Will Using Toner Clear Acne?

Facial Toner
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Call them toners, astringents, or clarifiers, every skin care line has them.  They're especially popular for oily and acne-prone skin. 

But will using a toner clear up your acne?

What is a Toner?

First, let's clarify what a toner is and why it's used. Toners are liquid solutions that are applied to the skin with a cotton ball or pad.  You use them just after cleansing and before moisturizing.

Toners are said to remove traces of dirt, makeup, cleanser residue and excess oil.

Toner Can Help with Minor Breakouts and Blemishes

If you have just a few blemishes here and there, and they're very mild, a toner might be just enough to keep those pesky breakouts at bay.  That is, provided the toner you're using contains an acne-fighting ingredient like salicylic acid or glycolic acid

Products with these ingredients help keep pores clear and prevent blackheads and minor pimples from forming.Toners are good preventatives for those occasional bumps and blemishes that pop up, too.

Toner Alone Won't Clear Up a Persistent Case of Acne

If you have more than just a few random pimples and blackheads, toner alone isn't going to be enough to clear up your skin.  They're just not powerful enough to clear up persistent or stubborn acne.

In this case, you'd be better off using a more effective acne treatment product.  Over the counter, your best bet is a benzoyl peroxide lotion (good for mild inflammatory acne).

  Moderate acne or severe acne won't respond well to any OTC product, though, so you'll have to see a dermatologist to really get those breakouts under control.

Should You Use a Toner?

Like many skin care questions, there is no one-size-fits-all answer. The decision to use a toner depends on many factors, including the type of products and medications you're currently using on your face and your own personal preference.

A common belief is that toners are needed to close the pores. This simply isn't true. Pores aren't like doors; they don't open and close. Bottom line: toner is not a skin care necessity.

For super oily skin types, toners and astringents can help keep the skin from feeling too greasy.  They can also help reduce the oily shine that appears throughout the day, and might help your makeup wear longer.

But for especially sensitive skin types, or if you're currently using drying acne treatments, it's probably wise to forgo the toner.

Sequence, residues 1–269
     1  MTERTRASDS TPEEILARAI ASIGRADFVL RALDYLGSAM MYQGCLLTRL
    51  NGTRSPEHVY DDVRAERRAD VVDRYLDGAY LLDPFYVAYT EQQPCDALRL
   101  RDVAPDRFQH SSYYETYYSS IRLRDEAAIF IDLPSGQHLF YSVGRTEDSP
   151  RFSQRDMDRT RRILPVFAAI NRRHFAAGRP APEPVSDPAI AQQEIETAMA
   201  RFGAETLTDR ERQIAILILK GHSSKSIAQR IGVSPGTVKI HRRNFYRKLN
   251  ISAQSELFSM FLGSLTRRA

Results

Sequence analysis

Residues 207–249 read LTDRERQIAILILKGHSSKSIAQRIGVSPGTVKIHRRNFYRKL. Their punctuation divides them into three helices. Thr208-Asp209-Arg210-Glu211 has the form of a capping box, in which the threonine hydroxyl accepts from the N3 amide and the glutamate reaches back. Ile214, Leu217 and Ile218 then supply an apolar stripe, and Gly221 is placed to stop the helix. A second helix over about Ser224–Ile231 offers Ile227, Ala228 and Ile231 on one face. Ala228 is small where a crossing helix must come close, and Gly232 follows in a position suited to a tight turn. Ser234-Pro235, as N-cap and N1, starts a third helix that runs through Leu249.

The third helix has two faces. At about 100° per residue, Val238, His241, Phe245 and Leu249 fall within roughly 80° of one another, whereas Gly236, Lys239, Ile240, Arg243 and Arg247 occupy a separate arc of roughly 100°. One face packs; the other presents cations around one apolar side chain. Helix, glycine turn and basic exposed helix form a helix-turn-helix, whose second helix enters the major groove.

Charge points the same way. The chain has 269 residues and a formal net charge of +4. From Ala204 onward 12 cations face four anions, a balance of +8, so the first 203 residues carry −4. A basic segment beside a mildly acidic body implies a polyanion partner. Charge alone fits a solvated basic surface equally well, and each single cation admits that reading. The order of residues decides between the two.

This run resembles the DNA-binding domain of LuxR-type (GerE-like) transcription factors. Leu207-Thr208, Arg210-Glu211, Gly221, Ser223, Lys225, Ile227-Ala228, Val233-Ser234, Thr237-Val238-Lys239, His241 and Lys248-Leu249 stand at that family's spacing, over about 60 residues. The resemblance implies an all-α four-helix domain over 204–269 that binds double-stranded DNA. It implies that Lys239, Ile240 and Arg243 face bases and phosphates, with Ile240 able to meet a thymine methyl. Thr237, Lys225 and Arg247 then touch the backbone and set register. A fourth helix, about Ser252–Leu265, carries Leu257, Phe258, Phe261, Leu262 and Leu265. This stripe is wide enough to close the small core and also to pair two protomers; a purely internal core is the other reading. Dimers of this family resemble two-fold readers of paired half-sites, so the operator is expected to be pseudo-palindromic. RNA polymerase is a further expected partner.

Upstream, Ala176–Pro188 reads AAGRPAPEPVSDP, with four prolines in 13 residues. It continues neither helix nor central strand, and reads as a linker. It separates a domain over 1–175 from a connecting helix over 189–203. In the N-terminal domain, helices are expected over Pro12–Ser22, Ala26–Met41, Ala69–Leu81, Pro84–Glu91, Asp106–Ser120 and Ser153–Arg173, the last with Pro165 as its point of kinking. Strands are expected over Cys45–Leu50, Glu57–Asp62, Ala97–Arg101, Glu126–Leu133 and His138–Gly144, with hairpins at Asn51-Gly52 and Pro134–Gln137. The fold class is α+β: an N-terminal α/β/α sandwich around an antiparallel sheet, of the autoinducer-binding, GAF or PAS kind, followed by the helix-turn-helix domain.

Many toners are high in alcohol or other ingredients that can be drying. Using a toner can exacerbate dryness you get with many topical acne treatments (such as Retin-A, BenzaClin or other topical antibiotics).

You may even find using a toner worsens your breakouts, and if you have moderate to severe inflammatory acne or cystic acne, toner may burn or sting when applied.

If you love the way toners make their skin feel and can't imagine going without one, then go for it!

  But rest easy knowing you're not doing your skin a great disservice if you choose not to use toner.

Here's What to Look for when Choosing an Acne Toner

First, take a look at the active ingredients.  If you want a product that can help fight minor blemishes, you're looking for salicylic acid primarily.  Glycolic acid is another good one.

You'll also want to pick a product that isn't high in alcohol so it won't leave your skin feeling too dry. 

Most important is to pay attention to how the product makes your skin feel.  Burning and stinging is a big red flag that the toner is too harsh for your skin.  Instead look for one that leaves your skin feeling fresh and clean, but not stripped. 

If you're seeing a dermatologist for your acne, make sure to ask which products (if any) they recommend for you. And always get their OK before adding any new product to your skin care regimen.

Sources:

"Questions and Answers About Acne." National Institute of Arthritis and Musculoskeletal and Skin Diseases (NIAMS). Jan 2006. National Institutes of Health.

Zaenglein AL, Pathy AL, Schlosser BJ, Alikhan A, Baldwin HE, et. al. "Guidelines of Care for the Management of Acne Vulgaris." Journal of the American Academy of Dermatology. 2016; 74(5): 945-73.

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